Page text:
Job seekers now view hybrid working as a pre-requisite for new roles, with a new study revealing it is now as important as other financial benefits including health insurance, life insurance and group income protection.
IWG, the world’s largest flexible office and workspace provider, commissioned research among 2,000 office workers to better understand the key factors driving jobseekers’ decision making.
Nine in 10 workers said hybrid working was an important factor when looking for a new job this year, placing it alongside health insurance and group income protection (both 88 per cent) and ahead of life insurance, unlimited holiday and extended parental leave.
The figures come as the UK job market experiences a significant shake up following the pandemic, with government data revealing Brits are resigning at the highest rate since 2009, causing a record high in job vacancies
Hybrid as standard
The research is supported by new data from Indeed, the world’s largest job site, which shows that year-on-year searches for the term ‘hybrid’ have increased by 6,531% in the twelve months up to the end of April, making it one of the fastest growing search terms on their UK website.
The ability to work remotely is also prized amongst job seekers, with searches for remote work having also risen (+666 per cent), now accounting for 2.3 per cent of all searches. This highlights the desire for people to be able to work closer to their local communities, with 60 per cent of survey respondents confirming that they would like a workspace within 15 minutes of their home.
IWG’s research shows that hybrid working is beginning to gain parity with salary, pension and holiday as the key factors to consider when job hunting. When asked to rank their top five considerations when applying for a new role, office workers rated hybrid working as being more important than company culture, equity and bonuses, potential for progression and new colleagues. Half of office workers said they would immediately rule out jobs that didn’t offer hybrid working.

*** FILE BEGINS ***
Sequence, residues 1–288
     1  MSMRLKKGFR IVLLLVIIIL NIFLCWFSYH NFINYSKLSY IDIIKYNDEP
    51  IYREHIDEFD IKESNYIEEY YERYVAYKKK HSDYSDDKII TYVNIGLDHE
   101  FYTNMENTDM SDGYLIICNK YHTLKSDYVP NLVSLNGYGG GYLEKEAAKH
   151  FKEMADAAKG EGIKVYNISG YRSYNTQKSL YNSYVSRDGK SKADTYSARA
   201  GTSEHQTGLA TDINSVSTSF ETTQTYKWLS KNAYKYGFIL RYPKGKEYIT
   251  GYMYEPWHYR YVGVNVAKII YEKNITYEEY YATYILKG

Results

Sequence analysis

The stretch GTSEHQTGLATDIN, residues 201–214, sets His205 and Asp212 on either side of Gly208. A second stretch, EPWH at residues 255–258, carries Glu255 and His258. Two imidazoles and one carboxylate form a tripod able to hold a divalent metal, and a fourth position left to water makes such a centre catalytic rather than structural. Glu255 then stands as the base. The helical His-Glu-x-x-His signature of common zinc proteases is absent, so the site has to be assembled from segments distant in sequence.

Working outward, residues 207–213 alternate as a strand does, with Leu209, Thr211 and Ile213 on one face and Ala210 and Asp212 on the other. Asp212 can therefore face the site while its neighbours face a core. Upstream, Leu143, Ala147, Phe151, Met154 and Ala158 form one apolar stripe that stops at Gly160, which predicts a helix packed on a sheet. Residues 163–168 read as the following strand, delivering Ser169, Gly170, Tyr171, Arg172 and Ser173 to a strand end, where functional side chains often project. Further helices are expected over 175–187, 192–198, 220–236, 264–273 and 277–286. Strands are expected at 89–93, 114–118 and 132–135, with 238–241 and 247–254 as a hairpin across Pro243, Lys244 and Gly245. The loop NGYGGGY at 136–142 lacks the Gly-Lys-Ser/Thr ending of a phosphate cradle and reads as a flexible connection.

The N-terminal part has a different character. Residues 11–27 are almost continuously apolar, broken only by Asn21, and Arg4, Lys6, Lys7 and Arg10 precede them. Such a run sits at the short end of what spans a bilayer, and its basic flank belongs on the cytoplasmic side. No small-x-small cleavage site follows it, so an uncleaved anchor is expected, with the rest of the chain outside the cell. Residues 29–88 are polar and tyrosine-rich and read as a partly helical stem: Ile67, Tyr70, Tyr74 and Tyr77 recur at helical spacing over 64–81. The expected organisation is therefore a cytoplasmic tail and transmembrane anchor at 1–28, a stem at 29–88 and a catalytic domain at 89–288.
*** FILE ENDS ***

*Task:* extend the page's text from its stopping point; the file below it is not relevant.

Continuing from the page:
Employees also identified several benefits to hybrid working. Two thirds said it improved work/life balance, while 37 per cent cited improved mental health and wellbeing. Over a third said it had reduced their commuting load, with 31 per cent saying it enhanced productivity.
Bruce Daisley, best-selling author of The Joy of Work and former EMEA Vice-President of Twitter, said:”We’re right at the start of the biggest transformation in the way we work that we’ve ever witnessed. The biggest danger for firms is thinking that we’re the end of the change; we’re just at the start and companies need to prepare themselves.”
The rise of working-near-home
Additional data from IWG shows how the popularity of hybrid working is driving demand for suburban and rural office space. Increasingly workers are turning their backs on long daily commutes and instead chose to work flexibly in the heart of local communities. Demand for IWG rural and suburban office space grew by 29 per cent in 2021, with the locations such as Bromsgrove (+52 per cent), Beaconsfield (+33 per cent) and Tewkesbury (+22 per cent) soaring in popularity.
According to the Office for National Statistics, job vacancies rose to a new record of 1,318,000 in the period from December 2021 to February 2022, while the ratio of unemployed people to every vacancy fell to a new record low. This trend has led to employers offering increasingly competitive benefits.
Mark Dixon, CEO of IWG, commented: “With a buoyant job market after a challenging couple of years, workers are demanding more of their employers and their roles. Gone are the days when salary was the only factor when considering a job offer, and nothing better demonstrates this than the rise of hybrid working.”
“Daily commuting is an expensive and unnecessary practice, and it’s clear to see that workers around the UK are taking back control of this time. Employers who don’t offer hybrid working are going to miss out on the best talent. Not only do employees benefit from a dramatically improved work-life balance, but by switching to a hybrid model, businesses can expect to save an average of more than £8,000 per employee, all while minimising their carbon footprint.”
The number of employees visiting IWG’s network of approximately 300 locations across the UK steadily increased over the past few months, demonstrating an increasing demand for hybrid work solutions. In 2021 alone, IWG added over two million new customers to its global network of flexible workspaces.BUSINESS NEWS • ECONOMIC NEWS • In Business • MAKE MONEY